Now, advocates will focus their efforts on convincing the state legislature to pass legislation legalizing marijuana.
Look Ahead To 2018
Overall, Tuesday’s election results were extremely positive for marijuana reformers.
Next year, advocates are likely to qualify medical cannabis ballot measure in at least three states — Missouri, Oklahoma and Utah. Meanwhile, Michigan voters will probably decide on a full marijuana legalization measure.
And Murphy’s New Jersey will race Vermont and a handful of other states to become the first to end cannabis prohibition through legislators’ actions.
For now, it’s clear that marijuana just won the election.
Berkeley City Council Considers Decriminalizing Psychedelics This Week
A resolution to decriminalize psilocybin and other psychedelics will go before a Berkeley, California City Council committee on Wednesday.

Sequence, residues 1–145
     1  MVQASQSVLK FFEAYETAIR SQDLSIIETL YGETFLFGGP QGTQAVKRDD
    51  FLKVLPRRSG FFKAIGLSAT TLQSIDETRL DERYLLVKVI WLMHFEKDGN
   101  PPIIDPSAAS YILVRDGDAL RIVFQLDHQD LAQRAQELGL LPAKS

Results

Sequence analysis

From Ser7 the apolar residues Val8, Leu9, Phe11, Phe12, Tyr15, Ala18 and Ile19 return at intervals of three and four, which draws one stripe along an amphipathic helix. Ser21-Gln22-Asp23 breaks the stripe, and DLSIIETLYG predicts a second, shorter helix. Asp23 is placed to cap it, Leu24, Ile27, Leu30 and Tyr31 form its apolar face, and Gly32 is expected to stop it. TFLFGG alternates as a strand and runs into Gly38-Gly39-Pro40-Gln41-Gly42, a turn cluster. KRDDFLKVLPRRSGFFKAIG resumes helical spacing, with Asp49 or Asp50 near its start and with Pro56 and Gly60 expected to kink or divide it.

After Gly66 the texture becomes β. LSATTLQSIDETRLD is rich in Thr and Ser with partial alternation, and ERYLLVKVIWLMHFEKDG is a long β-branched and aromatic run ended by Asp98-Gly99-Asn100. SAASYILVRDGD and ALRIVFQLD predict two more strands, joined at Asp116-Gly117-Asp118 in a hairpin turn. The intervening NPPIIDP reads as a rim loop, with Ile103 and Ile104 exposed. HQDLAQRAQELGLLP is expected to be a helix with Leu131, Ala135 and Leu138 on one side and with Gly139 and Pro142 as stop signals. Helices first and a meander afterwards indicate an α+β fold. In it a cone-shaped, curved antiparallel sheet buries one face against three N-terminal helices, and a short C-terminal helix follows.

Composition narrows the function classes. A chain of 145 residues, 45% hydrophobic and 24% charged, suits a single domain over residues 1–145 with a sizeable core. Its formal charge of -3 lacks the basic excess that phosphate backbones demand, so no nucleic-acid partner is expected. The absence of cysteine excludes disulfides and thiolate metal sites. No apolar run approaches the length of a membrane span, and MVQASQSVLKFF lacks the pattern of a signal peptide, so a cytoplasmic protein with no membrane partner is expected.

Decriminalize Nature, the group behind the measure, also led the charge to successfully get a measure decriminalizing entheogenic plants and fungi approved by the City Council in neighboring Oakland last month.
In Berkeley, the Public Safety Committee will discuss the proposal and can either decide to hold it for a future meeting or advance it to the full Council. The public is able to attend Wednesday’s special meeting and share their perspective on the resolution, but Decriminalize Nature stressed in a tweet that this “is a small meeting, so you do NOT need to attend.”
Is it time for #DecriminalizeNature #Berkeley? Agenda 4 at the public safety meeting this Wed. July 17, with the Decriminalize Nature team! This is a small meeting, so you do NOT need to attend. But if you live in Berkeley, write your City Council! https://t.co/gMSDkegMPU
— Decriminalize Nature (@DecrimNature) July 15, 2019